Irene and I had the pleasure of visiting Robert’s studio and were walked through the complex technique he uses. I could explain it in detail, but it would be meaningless. The technique was invented to create these particular images, it’s not translateable to another vision. Basically, Buelteman has gone back to one of the earliest forms of printing where the object itself, placed directly on the film, generates the image. The rest is and product of patient trial and error, technical work and mastery of technique.
The show will be up through June 29. The opening reception is tomorrow, Saturday, June 15 at PHOTO, 2 to 5 PM. Don’t miss this chance to meet Robert in person, he is a delight. He will also be back on June 29th, 3:00 PM, for an artist talk. The man can talk, don’t miss that either.
Margaretta Mitchell’s show just went up at PHOTO. These are pictures that go straight to the heart without message or excuses. It’s love at first viewing or you need vitamin therapy. With that in mind it’s useless to analyze these pictures, but I will say that they are nudes and portraits in the West Coast tradition but are less about form than character and inner psychology.
This approach goes goes back to Greek sculpture where myth and reality merged in stone. Interestingly, Margaretta established her early vision at the Temple of the Wings, that remarkable Maybeck Greek-inspired creation in the Berkeley hills. Margaretta grew with the history of the Temple, photographing dancers – it was a school of dance for many years. Her neo romantic visions evolved against the fluted temple columns and the harsh reflected light from the Bay.
We saw the depth of Margaretta’s work on a first visit to her house last year, then more on subsequent visits. The selection at PHOTO draws on this collection bringing threads together with some of her lesser know images and published favorites. The quintessential Berkeley savant Margaretta has woven herself into its history. She was a master of networking before the Internet and now even more so with the Internet. Still active and working she is doing a nude workshop at her house next week.
I just finished watching Yuri Boyko and Valeria Troubina install their show at PHOTO. It’s one of our most controversial and difficult shows. Each picture is suspended by thin monofilament to float in space about 6″ off the wall. At the entrance to the gallery they constructed a cube of four images leaning slightly outward. Inside the cube four lights create a slight glow through the paper of the images. Nothing about these arrangements has been left to chance. A similar level of control is shown in the images themselves. The model is shown against a ruby red or grey backgrounds in various ways. She appears to be trying on masks, body paint and arranging herself in awkward poses as if attempting to find an identity that works.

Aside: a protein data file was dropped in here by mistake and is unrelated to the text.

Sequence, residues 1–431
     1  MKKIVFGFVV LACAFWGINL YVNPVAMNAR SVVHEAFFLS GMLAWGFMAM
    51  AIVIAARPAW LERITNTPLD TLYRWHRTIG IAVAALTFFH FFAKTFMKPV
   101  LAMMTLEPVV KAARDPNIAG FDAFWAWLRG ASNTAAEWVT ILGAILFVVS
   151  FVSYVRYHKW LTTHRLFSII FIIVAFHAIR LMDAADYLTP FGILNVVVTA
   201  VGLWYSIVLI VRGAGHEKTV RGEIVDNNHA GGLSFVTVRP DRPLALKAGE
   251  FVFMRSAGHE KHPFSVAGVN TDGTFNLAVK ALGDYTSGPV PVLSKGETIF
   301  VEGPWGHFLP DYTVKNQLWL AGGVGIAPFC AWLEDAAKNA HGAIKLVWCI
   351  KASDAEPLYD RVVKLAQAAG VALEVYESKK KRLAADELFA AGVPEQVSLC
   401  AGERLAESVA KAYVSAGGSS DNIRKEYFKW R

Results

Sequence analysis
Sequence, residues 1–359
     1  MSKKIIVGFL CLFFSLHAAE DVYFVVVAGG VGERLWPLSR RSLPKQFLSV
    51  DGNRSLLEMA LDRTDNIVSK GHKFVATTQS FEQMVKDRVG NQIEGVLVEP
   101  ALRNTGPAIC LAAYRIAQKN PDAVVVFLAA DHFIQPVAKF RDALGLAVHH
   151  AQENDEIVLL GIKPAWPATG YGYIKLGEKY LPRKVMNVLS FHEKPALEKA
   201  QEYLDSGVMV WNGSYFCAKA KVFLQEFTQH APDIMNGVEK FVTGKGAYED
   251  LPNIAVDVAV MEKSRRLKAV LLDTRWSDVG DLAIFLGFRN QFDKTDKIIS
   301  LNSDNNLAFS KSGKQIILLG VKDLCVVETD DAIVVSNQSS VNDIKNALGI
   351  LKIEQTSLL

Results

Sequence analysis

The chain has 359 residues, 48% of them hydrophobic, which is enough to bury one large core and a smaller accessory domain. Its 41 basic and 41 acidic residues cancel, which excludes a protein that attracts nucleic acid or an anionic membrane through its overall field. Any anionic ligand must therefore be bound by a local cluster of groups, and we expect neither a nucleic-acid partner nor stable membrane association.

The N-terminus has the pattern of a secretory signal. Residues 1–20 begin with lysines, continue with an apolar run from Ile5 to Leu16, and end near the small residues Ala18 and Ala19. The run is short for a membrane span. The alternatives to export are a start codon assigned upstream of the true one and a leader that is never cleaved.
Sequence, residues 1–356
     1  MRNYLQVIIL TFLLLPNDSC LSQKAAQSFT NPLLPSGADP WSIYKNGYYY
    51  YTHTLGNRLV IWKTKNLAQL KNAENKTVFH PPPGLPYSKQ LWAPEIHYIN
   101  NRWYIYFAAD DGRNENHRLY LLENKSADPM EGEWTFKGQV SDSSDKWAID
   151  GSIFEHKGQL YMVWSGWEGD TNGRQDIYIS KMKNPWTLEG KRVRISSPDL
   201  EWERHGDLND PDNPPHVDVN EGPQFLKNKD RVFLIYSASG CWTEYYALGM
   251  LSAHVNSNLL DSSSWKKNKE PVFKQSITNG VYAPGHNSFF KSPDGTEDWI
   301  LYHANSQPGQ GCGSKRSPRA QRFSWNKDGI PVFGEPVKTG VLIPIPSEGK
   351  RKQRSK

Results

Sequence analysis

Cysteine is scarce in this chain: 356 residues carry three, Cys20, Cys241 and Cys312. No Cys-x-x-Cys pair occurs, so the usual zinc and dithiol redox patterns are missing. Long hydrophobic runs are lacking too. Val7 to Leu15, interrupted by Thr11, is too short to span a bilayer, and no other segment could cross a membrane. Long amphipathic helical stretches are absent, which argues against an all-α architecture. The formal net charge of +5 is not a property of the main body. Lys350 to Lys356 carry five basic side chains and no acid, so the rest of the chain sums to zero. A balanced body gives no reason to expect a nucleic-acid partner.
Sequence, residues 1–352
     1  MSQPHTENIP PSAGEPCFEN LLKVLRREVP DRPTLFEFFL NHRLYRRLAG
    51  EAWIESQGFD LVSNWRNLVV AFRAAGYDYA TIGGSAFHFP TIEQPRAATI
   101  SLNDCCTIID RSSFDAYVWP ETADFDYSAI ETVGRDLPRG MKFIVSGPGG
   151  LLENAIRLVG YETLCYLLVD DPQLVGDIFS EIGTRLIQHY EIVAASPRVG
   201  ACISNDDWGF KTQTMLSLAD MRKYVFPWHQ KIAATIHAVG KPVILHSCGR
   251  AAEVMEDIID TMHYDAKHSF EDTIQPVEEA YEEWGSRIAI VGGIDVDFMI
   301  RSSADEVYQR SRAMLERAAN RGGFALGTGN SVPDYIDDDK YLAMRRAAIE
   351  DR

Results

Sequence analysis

Photographically the images are as flawless as the model, almost too perfect. But what does all this mean? Well you can listen to Yuri and Valeria on Saturday at PHOTO (2.8.13, 3:00 PM) who can explain their intentions and/or you can read my speculations and reactions to the photographs themselves.
The model looks as if she has been dropped via starship transporter to the surface of a new planet and is not quite sure if she can take her first breath. Bereft of the restraints but also of the comforts of culture, she appears to be between moods and attitudes lost in the possibilities she cannot absorb. She has the mechanics right, everything about her is perfect. Yet she is a robot-being looking for identity in a place that has no culture or norms worthy of her consideration. Welcome to the world we have fashioned. In our relentless efforts to destroy illusions and discredit any cultural assumptions, but our own, our beautiful new models cannot fine a place for themselves.
So its an uncomfortable confrontation that I encourage you to not miss.
Also, check out their web sites:
It takes courage to be an artist. It begins with just making a mark and goes all the way to the combat photographer who stays in the line of fire.